Pros and Cons of the Top 25 2013 NBA Free Agents

Bryan ToporekFeatured ColumnistOctober 26, 2012

Pros and Cons of the Top 25 2013 NBA Free Agents

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    The NBA free agent class of 2013 is shaping up to be one of the better classes in recent memory, with a handful of potential franchise-changing superstars entering the final year of their contracts in 2012-13.

    Beyond the Chris Paul's and Dwight Howard's of the world are a slew of quality role players who might not set the world on fire but, at the right price, could become valuable contributors on a championship squad somewhere down the line.

    For the teams with cap space opening up in the summer of 2013, allow this to be your free agency purchasing guide.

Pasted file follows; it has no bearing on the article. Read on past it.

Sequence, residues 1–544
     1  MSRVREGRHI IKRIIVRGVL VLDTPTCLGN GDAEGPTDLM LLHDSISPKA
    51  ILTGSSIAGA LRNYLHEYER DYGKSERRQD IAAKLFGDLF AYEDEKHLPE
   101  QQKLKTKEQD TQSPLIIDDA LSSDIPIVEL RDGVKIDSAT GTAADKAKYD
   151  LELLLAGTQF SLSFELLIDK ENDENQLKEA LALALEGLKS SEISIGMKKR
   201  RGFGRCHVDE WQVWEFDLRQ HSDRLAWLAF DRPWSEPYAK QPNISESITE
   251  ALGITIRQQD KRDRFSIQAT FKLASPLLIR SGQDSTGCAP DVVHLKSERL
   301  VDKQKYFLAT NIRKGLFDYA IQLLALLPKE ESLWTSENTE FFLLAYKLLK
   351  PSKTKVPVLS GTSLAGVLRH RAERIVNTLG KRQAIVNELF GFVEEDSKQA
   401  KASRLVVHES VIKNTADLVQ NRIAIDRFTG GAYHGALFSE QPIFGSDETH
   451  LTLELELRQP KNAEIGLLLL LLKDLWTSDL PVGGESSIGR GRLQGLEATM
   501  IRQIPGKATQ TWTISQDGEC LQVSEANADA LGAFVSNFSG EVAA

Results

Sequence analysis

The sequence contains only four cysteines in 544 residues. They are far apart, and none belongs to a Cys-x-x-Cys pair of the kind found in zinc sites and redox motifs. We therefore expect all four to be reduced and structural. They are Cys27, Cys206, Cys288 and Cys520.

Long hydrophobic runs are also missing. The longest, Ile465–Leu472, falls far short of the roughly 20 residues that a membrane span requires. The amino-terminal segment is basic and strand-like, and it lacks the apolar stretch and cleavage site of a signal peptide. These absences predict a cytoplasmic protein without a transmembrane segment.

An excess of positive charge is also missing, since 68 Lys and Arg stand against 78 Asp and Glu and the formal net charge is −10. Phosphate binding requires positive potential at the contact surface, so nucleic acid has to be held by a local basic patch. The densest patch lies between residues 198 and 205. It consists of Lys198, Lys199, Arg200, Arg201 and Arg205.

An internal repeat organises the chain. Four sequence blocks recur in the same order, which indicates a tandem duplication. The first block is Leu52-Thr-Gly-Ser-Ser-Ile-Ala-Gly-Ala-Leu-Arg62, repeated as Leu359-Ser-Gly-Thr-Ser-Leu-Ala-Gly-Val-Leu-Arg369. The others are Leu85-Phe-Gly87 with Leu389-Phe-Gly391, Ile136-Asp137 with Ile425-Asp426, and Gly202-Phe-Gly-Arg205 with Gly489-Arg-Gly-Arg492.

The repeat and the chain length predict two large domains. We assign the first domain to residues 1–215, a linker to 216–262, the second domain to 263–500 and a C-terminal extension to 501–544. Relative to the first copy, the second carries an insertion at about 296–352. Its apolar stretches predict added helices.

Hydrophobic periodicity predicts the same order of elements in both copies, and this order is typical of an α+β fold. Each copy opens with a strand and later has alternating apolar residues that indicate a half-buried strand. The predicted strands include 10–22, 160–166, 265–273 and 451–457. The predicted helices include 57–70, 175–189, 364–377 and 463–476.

In reverse order, let's go through the positives and negatives of each of the top 25 potential 2013 NBA free agents.

    (Two brief notes: Certain players on this list are likely to sign an extension by Oct. 31, making them ineligible for 2013 free agency. For anyone who's considered a favorite to do so, they've been marked with a * in the title slide.

    Also, I've left off players who would only reach free agency by declining a player option that they have no business declining, such as Andre Iguodala of the Denver Nuggets and Monta Ellis of the Milwaukee Bucks. $10 million+ per year isn't coming as easily in this new CBA market, gentlemen.)

25. Tiago Splitter, San Antonio Spurs

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    Pros: Tiago Splitter, in limited minutes for the San Antonio Spurs in 2011-12, put up numbers suggesting he could be a quality starter in the NBA, given the opportunity.